Who should be part of a company’s parent group?
I’ve had time to think about that today.
Today I had a morning meeting with three people, two of whom I already know well. It would surely roll into lunch. My wife had five meetings planned in New York City that had taken her weeks to stack up.
When our teenage daughter came downstairs with an eye that was red and swollen, I knew she was going to the pediatrician, and I was canceling my meeting. My wife didn’t ask; she didn’t need to do. And while I know she appreciated it, there wasn’t really any choice to make. I’ve advocated for companies to add #CareDays for employees to be honest about why they wouldn’t be able to work that day, so I certainly was going to take one myself.
My daughter went back to bed and I made an appointment with the pediatrician. And since I was given back hours of my morning I caught up on emails and a lot of those tasks that you push off. Could I schedule calls or Zooms? Not really since I didn’t know what my daughter would need, but I’ve been able to care for my daughter and email while she rests.
I’ve also had time to think about an email I received from a company that was interested in the type of talks and workshops we give, aimed at shifting the narrative around working parents.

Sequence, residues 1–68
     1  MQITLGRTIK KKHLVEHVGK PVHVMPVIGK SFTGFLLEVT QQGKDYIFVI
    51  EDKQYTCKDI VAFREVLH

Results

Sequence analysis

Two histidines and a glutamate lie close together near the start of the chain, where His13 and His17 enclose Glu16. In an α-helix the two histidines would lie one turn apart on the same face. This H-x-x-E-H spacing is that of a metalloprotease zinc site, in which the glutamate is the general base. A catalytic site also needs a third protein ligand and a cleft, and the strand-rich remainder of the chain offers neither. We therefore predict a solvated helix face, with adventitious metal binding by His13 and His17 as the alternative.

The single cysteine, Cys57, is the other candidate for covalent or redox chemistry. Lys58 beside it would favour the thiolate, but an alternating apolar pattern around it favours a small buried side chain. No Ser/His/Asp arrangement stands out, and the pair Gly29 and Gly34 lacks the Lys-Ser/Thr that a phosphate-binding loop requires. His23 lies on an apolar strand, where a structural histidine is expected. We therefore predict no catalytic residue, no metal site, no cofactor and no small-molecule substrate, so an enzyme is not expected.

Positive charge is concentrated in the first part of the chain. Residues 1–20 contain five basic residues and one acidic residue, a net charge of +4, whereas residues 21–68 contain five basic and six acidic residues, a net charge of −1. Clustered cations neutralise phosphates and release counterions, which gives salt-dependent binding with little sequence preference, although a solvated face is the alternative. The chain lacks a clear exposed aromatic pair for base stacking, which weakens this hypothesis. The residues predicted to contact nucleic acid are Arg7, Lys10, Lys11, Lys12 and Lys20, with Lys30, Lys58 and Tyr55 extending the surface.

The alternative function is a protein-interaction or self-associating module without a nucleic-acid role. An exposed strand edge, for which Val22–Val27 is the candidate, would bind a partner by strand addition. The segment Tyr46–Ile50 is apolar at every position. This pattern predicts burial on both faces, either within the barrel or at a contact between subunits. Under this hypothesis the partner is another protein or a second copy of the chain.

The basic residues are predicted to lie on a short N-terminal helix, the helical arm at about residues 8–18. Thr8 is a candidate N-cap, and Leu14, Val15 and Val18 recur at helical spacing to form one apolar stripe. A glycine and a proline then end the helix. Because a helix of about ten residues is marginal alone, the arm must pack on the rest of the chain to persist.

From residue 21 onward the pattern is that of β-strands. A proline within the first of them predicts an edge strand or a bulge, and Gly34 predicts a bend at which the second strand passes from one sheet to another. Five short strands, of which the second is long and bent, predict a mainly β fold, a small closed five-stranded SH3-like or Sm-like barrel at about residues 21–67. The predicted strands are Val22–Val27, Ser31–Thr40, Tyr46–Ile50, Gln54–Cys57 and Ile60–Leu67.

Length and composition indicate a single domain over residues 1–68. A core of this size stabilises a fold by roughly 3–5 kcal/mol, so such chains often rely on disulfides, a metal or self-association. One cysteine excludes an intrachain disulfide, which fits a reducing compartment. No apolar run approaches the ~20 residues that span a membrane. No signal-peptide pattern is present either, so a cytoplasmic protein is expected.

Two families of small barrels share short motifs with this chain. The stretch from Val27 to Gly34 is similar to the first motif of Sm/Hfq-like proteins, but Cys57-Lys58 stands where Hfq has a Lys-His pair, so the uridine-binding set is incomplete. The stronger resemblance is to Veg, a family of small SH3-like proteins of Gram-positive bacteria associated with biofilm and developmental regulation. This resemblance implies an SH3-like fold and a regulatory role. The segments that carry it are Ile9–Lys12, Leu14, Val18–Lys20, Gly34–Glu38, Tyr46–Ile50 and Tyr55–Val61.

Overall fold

The company said that right now they were going to continue their focus on moms and that expanding to dads just didn’t feel right until they had done more for the women in their company. It was a convoluted answer that took me a bit to unpack.
There are many times where companies need to focus only on women – pay equity, gender equality, equal promotions. But in the context of a company’s parenting group to focus just on working moms is outdated and harmful for so many reasons.
If the pandemic has taught us anything, it’s that working parents learned to trade off responsibilities in the work-from-home environment. Now back in the office, or whatever form the office takes, companies should get on board with the notion that parenting programs include dads and moms.
- It removes the stigma that parenting and caregiving is something done only by women.
- It allows men to feel that they can be Lead Dads, not just Event Dads, at work – and be open about their involvement at home.
- Corporate level initiatives will reduce the perceived and often real penalty working parents face for being human – for not being some Milton Friedman incarnation of a model worker who sits at a desk focused only on work.
Companies want creative, engaged employees who bring their full selves to what they’re doing. Their policies should reflect that. Companies need to normalize both men and women having lives and caregiving responsibilities outside of work and trust that with the right support working parents will get everything done.
Now off to the pediatrician.